We also use a lot of trial and error to work out what kind of arrangements and combinations will delight the players most (e.g. be easy to use in glamours). For example, with the Republican Signifer’s Fingerless Gloves, we made the upper section like ring bracers to expose the character’s skin and allowed the torso armour to be adjusted to have halflength sleeves and synergise with the design. For the Star Velvet Hoods, we wanted to depict the shape of the hood while still showing the wearer’s hair, so we made it an unfamiliar looking shape that you don’t really find in the real world, but still managed to get it to work in a way that did not stick out. We experiment every day to try to give the players the variety they are looking for within the structure of the current dressing up system.
What catches your eye when judging or implementing gear designs from SE contests?
AN: When we judge the contests, a panel of development staff, mainly from the art, character modelling and item teams, do an initial survey of the entries and vote for the top ones. This is the first round of judging. At the staff survey stage, we focus on our emotional reactions to the entries, e.g.; whether we like something, it is interesting, intriguing or feels new. Whether or not the entry could actually be realised ingame is a secondary concern.
We then take all the entries that made it past the first round and representatives from each section of the team get together with Mr. Yoshida to discuss them and make the final decisions on the winners and runners up. One of the main criteria used when judging the final winners who will have their designs implemented in game is whether something similar has been done in FFXIV in the past. For example, the Lost Allagan equipment from the tank contest had a classic sci-fi style to it and was rooted in the culture of Eorzea, fitting in to the world perfectly, but nothing along those lines had been made before.
The Scaeva equipment from the healer contest had a retro-futuristic vibe to it that was also not something we had seen in FFXIV before. Finally, the Bonewicca Whisperer equipment from the caster contest and its design with the cloak connected behind the arms was something we had avoided doing before as it was not optimal to implement, but we decided to use the contest as an opportunity take on the challenge. The contest entries are always really nice and interesting designs and it is always great fun judging them.
I often go to galleries to see exhibitions relating to clothing and accessories, and I’m always stimulated by the texture of the materials and feeling of weight that you only experience when you see these things first hand.
Has there ever been a theme that didn’t work with all the jobs? Did you have to give up on the idea because of it?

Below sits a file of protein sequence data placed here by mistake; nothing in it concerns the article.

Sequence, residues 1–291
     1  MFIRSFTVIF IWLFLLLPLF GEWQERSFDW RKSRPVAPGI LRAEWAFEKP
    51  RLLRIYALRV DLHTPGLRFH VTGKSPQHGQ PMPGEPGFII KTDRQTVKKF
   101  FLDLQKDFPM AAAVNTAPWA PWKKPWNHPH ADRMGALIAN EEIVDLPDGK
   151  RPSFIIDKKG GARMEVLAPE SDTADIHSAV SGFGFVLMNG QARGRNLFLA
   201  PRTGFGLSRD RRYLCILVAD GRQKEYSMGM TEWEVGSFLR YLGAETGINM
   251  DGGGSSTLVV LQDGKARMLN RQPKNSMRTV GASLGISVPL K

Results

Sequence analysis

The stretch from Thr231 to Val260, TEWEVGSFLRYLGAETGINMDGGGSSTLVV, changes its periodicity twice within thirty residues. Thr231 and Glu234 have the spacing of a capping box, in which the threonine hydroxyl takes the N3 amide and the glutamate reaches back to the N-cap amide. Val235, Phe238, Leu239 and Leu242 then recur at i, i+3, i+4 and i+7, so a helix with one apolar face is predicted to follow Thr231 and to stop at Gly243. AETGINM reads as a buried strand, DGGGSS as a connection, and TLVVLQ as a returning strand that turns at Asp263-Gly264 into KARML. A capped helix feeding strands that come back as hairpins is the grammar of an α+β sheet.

AN: I file away lots of ideas that I would love to do one day on a daily basis, but the designer’s job is to provide proposals that fit with the orders we receive, so if I have an idea that does not work with a request, then I won’t put it forward in the first place. For every project we put forward multiple rough ideas and then pick the final direction to go for from those. We always work like that, so even if an idea is not selected at the time or is not workable, we don’t fixate on it and simply put it aside, thinking that it might be nice to do some other time if we can.
In that sense, I never really feel that I had to “give up” on an idea. As long as I keep doing this job there will always be chances to use these things at some point in the future.
Do you follow themes with gear design? It seems classes like paladin and black mage have a similar style throughout the gear sets, but astrologian seems to vary from set to set.
AN: One of the most important points when designing the job specific equipment for each new expansion is to make sure that the look captures the essence of the job in question. Things like Paladins and Black Mages have a certain uniform look across the previous FF games and in other fantasy works too, so we always try to keep those signature elements, such as Paladins looking heroic and Black Mages looking mystical.
As the Astrologian is not one of the traditional FF jobs, and we kept in mind that this is a FFXIV original job when designing its first job specific equipment, the Antiquated Welkin attire. When this set was introduced in patch 3.0, the setting for the story was Ishgard, so the design was based on a European styled dress. In contrast, the Constellation attire was added for 4.0, where the setting was now Ala Mhigo, so we based the design on middle-eastern style ethnic garb.
Is there any opportunity/possibility in the future to allow customization to the glows of weapons, such as allowing someone to toggle the glow on/ off, or “Dye” the glow color itself?
Naoki Yoshida: To do that we would need to make significant changes to the core system and it would have a big influence on how the data was made. I think we would even need to make adjustments to the FFXIV graphics engine. We have no plans to do this kind of thing at the moment, but if the game continues to do well then there is certainly a chance you might see it at some point in the future.
Will more dye colors, to be used on gear and furniture items, be implemented, such as neons?
NY: Technically speaking, neon would not be treated as a regular colour, but would use a different method called “emissives” to get it to glow. Thus, customizing it would involve adjusting the “emissive” colour. Allowing this to be switched on and off with an external switch and changing the colour would need the same changes as I mentioned in the answer to question 8 above.
Are there plans to expand the glamour dresser? Two hundred slots go pretty quickly!
NY: Yes, we do have plans to expand the capacity of the Glamour Dresser. At present we are prioritizing doing what we can to expand the locations where the plates can be applied and add more locations where the Glamour Dresser can be used, but when we have got that to a certain level, we will move on to increasing the capacity. Please be patient a little longer.
Do you think you’ll ever remove restrictions on glamour and allow a black mage to glamour a warrior set, and vice versa?
NY: Strictly speaking, the answer would be “No”. We have no particular plans to unlock specific job equipment for other jobs and that is one of our design policies. However, we are working on slowly amending some of the fixed role equipment to be available to all jobs and classes, so if there are any specific items you really want unlocked, please go and say so on the forums!